How do I minister to parents with young children?

(The Baptist Paper photo)

How do I minister to parents with young children?

By Julie Redmond Donavan
North Shelby Baptist Church in Birmingham, Ala.

As you probably know, being a parent is not easy. Parents are stretched to their furthest boundaries with work, children’s extracurricular activities, school, appointments, family get-togethers, friends and house chores. Not everyone makes church a priority, so when people do attend let’s take notice and encourage them. How can you do this as a teacher?

Consider these ways to minister to parents with young children.

Give them a date night or a few hours to relax.

Some families cannot afford a babysitter or may not know anyone to stay with their children, so offering a date night for parents can be a huge blessing. Provide this ministry once a month, once a quarter or even once a year and the parents will adore you for it. For example, each year our children’s ministry provides a night out for young families in the church, normally close to Christmas. This provides parents with a date night as well as time to catch up on Christmas gifts. Another option is providing a weekend day or weekday night for free time for parents; offer it at no cost, and it can provide an escape. The same security measures you use on Sunday should be applied to every event.

“Praying Circles Around Your Children” by Mark Batterson and “Parenting with Proverbs” by Luke & Trisha Gilkerson are two great resources for working with children.

Be their cheerleader.

As a teacher, volunteer, children’s minister or children’s director, you can be parents’ biggest cheerleader. Provide breakfast once a month before Sunday School for young families. Write notes to parents telling them they are doing a great job (make each note as personal as possible). Give small gifts to support and encourage them as Christian parents.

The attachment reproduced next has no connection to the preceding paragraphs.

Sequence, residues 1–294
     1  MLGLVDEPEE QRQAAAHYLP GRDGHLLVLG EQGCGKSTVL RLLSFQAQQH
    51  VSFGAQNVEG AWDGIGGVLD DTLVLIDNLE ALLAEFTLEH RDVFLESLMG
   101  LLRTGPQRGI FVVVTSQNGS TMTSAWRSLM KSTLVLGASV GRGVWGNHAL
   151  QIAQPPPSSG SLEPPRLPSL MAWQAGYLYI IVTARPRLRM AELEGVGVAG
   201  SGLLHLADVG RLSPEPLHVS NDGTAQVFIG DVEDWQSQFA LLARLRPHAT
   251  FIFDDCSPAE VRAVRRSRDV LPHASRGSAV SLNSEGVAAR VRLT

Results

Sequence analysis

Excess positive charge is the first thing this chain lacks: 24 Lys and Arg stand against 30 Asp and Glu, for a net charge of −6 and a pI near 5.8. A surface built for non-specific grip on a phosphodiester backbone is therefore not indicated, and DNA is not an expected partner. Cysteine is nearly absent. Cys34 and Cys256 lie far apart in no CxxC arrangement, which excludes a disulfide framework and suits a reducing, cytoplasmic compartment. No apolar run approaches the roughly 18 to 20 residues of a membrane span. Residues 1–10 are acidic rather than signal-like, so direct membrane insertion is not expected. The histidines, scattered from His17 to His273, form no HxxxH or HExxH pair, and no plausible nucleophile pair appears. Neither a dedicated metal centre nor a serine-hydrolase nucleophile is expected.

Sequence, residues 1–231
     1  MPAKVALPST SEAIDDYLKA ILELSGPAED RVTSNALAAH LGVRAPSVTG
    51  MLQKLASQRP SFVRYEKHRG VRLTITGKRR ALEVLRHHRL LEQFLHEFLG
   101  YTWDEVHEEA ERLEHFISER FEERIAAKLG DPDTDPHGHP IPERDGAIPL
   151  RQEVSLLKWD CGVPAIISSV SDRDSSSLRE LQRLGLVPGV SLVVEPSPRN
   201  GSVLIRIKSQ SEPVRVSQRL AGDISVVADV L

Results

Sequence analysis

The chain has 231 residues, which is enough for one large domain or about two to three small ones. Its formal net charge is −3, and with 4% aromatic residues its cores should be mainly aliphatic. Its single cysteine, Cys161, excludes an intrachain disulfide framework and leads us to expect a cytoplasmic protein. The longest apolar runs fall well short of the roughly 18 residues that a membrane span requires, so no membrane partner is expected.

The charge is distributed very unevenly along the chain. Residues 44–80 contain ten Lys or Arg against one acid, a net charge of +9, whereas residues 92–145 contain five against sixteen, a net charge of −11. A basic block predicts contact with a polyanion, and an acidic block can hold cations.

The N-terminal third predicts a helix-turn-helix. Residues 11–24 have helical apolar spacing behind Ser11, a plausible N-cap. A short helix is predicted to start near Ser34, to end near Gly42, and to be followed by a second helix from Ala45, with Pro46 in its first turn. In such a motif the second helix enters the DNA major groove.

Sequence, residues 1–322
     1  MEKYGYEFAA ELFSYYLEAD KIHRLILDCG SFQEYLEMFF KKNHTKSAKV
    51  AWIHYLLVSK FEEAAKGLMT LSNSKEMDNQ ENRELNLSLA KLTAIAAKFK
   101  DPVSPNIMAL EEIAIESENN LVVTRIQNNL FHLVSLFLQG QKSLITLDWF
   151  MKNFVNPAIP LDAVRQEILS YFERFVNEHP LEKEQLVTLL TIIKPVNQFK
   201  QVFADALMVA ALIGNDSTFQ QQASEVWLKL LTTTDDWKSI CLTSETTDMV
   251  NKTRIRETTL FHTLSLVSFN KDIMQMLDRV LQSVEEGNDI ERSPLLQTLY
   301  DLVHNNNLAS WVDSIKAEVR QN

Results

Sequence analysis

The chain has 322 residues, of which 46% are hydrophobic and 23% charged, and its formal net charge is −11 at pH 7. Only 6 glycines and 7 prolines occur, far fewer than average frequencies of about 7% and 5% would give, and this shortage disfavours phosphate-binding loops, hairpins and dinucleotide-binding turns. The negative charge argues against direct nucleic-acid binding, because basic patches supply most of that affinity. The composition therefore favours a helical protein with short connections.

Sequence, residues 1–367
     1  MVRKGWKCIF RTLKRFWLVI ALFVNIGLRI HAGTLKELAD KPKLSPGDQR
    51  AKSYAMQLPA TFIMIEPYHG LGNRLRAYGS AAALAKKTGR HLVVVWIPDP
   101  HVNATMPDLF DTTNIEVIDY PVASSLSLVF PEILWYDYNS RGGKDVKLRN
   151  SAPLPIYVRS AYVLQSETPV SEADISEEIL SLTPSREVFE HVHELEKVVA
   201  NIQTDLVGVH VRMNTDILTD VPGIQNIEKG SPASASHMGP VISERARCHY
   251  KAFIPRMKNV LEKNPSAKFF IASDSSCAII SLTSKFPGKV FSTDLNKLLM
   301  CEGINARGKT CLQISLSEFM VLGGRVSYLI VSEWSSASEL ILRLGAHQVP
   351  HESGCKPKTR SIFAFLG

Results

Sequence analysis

Keep in constant communication.

With social media, so many ways of communicating exist today. This can be a good thing. Personally, I wish everyone used only one avenue of communication, but, of course, that is not the world we live in. Don’t rely on only one way to share information. Instead, if your information is important, find every means at your disposal to get your news out. Use Facebook, announcement slides, Instagram, email, Twitter, text, your state Baptist newspaper or go “old school” with “snail mail” or distributing them on Sunday. You have to constantly keep Bible studies or events in front of your parents because so many other things are on their calendars. Try to think of all the information a parent would want. While church may be important to them, they also have activities such as work, school, baseball or ballet consuming their time. Constant and consistent communication is great for parents, and they will appreciate the information you keep in front of them. Discover what form of communication parents prefer by giving them a short survey listing all the available methods. This can let you know how to best reach them.

Also, inform parents about what you are teaching and how you are being intentional. Since parents should be the number one teacher for their children about Jesus and the Bible, you can help them talk to their children about what you are teaching while they’re at home.

Many parents are dealing with struggles and wounds you cannot see. Letting them know you care for them and their children means more than you will ever know. There are so many ways you can minister to parents with young children. I have no doubt, with your creative mind, you will be able to show God’s love to the parents in your ministry. Assemble your team with a calendar and future plans and list ways you can practice some of these examples, along with some of your ideas.

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